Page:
I'll Take Spoilers For $2,000, Alex : NPR Public Editor Spoiler alert or spoiler? Some 'Jeopardy!' fans aren't happy with NPR.
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I'll Take Spoilers For $2,000, Alex

Game show host Alex Trebek rehearses his lines on the set of the "Jeopardy!" Million Dollar Celebrity Invitational Tournament Show Taping on April 17, 2010 in Culver City, California. Amanda Edwards/Getty Images hide caption

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Amanda Edwards/Getty Images

Game show host Alex Trebek rehearses his lines on the set of the "Jeopardy!" Million Dollar Celebrity Invitational Tournament Show Taping on April 17, 2010 in Culver City, California.

Amanda Edwards/Getty Images

When is a "spoiler alert" not a spoiler alert? One clue: when the alert is actually a spoiler itself.

When reviewing or reporting on movies, TV shows and the like, NPR's arts desk and the newsroom overall are generally quite good about not revealing plot endings. Or, at least, they give listeners and readers a heads up that a spoiler is coming (so they can turn off the radio or not read the article).

Thus on Monday, when news came out early in the day that James Holzhauer had been dethroned on Jeopardy! after his phenomenal 32-win run, NPR prepared a report for All Things Considered that — because it would air before many viewers had a chance to see the game show episode for themselves — included a warning.

Host Ari Shapiro told All Things Considered listeners: "Spoiler alert — if you are a 'Jeopardy!' fan and you're planning on watching tonight's episode, you might want to turn your radio down for the next two minutes." (Of course, a careful listener might have guessed that this spoiler alert suggested Holzhauer's remarkable run had come to an end.)

Over at the hourly newscasts, staffers also debated what to do in reporting the news. Executive Producer Robert Garcia said, "I decided that while it was a good story, it wasn't that incredibly urgent. We ran the first spot at 11 p.m. ET after Jeopardy! had aired across the time zones."

Online readers, including those who follow NPR on Facebook and Twitter, had no such luck. The headline for the NPR.org story shared there just before 8 p.m. ET (mid-show in some time zones and hours before the show aired in others) read: "Spoiler Alert: There's A New 'Jeopardy' Champion In Town."

As some unhappy Jeopardy! fans let NPR know in the comments and replies Monday, this "spoiler alert" defeated the purpose. The problem (if it's not obvious): The spoiler itself is in the headline. "Worst spoiler alert ever," wrote one disgruntled Facebook commenter.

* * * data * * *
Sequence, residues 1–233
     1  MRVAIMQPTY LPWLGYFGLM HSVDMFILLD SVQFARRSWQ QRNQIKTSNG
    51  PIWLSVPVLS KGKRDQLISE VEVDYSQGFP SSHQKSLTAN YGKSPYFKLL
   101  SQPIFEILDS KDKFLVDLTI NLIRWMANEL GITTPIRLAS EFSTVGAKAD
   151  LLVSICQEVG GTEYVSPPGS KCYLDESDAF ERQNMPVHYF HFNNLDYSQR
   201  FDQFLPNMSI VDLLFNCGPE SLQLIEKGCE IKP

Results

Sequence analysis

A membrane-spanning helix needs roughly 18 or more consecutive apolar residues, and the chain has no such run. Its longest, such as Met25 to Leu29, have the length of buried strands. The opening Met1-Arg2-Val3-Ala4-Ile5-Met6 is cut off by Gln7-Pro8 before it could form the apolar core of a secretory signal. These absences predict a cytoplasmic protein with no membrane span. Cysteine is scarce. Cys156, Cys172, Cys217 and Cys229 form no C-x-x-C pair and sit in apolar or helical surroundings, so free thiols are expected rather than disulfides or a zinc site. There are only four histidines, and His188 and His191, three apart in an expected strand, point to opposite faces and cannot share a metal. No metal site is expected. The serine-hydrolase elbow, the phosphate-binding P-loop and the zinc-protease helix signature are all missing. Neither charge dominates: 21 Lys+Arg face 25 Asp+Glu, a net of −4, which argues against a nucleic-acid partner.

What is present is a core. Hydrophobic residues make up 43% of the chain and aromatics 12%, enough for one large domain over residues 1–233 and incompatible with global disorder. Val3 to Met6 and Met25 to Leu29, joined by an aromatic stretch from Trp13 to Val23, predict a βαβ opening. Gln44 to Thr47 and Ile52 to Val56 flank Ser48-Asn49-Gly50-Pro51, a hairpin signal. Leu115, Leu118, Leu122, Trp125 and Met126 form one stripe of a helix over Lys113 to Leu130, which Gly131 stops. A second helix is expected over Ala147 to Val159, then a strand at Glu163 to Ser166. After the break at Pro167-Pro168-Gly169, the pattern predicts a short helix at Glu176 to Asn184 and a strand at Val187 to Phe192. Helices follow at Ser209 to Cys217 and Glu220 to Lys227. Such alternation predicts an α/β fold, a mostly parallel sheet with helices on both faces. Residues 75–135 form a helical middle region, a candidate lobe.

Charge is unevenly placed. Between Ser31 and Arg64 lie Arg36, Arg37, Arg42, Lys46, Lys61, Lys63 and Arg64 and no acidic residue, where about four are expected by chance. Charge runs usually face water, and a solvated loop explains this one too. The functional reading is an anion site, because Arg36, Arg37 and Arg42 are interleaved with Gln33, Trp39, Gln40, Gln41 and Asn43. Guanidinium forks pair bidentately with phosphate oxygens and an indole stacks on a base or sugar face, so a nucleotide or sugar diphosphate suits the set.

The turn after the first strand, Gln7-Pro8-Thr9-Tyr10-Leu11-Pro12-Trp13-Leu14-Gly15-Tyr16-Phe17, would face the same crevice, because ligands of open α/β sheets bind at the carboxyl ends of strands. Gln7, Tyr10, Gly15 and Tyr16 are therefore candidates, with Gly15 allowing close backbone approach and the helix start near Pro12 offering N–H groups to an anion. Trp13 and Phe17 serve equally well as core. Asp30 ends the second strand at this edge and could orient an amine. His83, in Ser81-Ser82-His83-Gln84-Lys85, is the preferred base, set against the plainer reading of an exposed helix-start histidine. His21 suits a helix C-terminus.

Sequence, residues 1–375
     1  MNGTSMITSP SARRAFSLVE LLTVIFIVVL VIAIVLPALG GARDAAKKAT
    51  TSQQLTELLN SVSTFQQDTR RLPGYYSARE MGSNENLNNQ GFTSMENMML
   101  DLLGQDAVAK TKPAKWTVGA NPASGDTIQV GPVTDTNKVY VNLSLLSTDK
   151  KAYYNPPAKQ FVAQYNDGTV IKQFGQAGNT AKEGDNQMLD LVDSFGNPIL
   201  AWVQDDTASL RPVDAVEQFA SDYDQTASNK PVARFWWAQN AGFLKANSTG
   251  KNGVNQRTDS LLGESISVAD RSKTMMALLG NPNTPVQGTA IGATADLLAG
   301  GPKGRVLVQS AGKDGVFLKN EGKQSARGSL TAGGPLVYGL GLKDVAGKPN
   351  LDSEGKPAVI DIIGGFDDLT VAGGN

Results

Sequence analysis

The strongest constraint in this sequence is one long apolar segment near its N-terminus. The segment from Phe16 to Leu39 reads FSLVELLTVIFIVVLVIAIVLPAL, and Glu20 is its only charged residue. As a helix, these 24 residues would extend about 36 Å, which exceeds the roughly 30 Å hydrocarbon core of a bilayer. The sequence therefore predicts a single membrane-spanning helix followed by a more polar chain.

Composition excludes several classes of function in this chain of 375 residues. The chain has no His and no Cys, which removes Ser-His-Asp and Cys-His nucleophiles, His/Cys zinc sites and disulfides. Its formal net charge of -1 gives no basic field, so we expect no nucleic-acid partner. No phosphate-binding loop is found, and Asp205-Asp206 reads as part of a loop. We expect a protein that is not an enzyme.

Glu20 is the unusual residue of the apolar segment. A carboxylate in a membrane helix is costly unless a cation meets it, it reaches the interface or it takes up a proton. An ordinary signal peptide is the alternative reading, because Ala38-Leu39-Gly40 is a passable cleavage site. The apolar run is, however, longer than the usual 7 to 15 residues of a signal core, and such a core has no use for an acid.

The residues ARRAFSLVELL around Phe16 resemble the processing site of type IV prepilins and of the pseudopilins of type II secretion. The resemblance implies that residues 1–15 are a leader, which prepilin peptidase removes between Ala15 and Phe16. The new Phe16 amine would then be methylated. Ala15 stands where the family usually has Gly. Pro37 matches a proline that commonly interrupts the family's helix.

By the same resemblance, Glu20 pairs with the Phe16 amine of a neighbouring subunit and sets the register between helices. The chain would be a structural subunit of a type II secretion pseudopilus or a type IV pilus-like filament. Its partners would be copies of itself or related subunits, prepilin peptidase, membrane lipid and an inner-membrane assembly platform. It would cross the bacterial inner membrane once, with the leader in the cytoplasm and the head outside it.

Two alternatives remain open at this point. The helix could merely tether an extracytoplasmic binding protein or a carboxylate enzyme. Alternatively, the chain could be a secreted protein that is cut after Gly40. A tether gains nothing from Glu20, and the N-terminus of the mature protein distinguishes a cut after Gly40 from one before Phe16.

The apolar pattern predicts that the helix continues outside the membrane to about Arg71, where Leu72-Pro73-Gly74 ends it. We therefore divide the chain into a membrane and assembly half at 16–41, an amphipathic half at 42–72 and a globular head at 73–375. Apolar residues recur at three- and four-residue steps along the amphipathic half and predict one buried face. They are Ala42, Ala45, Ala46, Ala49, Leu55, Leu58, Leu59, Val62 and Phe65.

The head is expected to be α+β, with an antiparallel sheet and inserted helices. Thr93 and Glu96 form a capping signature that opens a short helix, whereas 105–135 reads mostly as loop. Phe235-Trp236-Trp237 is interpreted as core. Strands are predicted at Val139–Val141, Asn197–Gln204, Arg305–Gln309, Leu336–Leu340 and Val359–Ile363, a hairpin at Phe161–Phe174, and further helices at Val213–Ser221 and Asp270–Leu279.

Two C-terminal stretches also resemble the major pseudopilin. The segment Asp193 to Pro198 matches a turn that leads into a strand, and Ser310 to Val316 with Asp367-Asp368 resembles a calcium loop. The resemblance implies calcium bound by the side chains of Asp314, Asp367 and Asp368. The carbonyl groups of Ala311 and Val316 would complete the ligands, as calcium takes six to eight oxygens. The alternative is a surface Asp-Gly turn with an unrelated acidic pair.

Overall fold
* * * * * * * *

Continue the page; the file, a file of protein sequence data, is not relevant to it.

Terence Samuel, an NPR deputy managing editor, called the headline "kind of a mechanism to deliver the news, not so much a serious warning." He noted that by the time NPR's story was published, news of Holzhauer's dethroning had been widely reported elsewhere, starting Sunday, when an apparently pirated clip of the episode began to leak.

"He had had a long run and it was news," Samuel said. "It was a story that was much bigger than the show itself. He had become this cultural phenomenon and when it was over it was big news and we treated it, I think, in context."

Given how widely it had been reported, he said, "We didn't really think we were spoiling anything. The spoiler alert had become part of the meme of the day."

"We're sorry that it happened," Samuel added, "but we don't really take responsibility for ruining it for everyone." And he said, in the context of the day's news (the Virginia Beach shooting, the president's London trip, the federal disaster bill, violence in Sudan), "this didn't feel like the most crucial decision."

The newsroom is, of course, right to report news as it happens. For example, the newscasts generally report on major sports scores as they come in, and without spoiler alerts (to the dismay of some fans who tape games to watch later). The main exception is for the Olympic games "that will be rebroadcast on TV later and may have considerable interest and appeal," Garcia said. For those, "we don't go crazy with spoiler language, but we do make it clear in our intro that we are headed toward scores; folks are going to have a good 15 seconds or so to decide whether they want to hear the rest of it."

Still, in the Jeopardy! case, I'm with the fans. As Samuel said, the story was indeed hard to escape by the time NPR posted that headline on Facebook and Twitter, at least for those who are heavy news consumers. But why spoil it for those who aren't?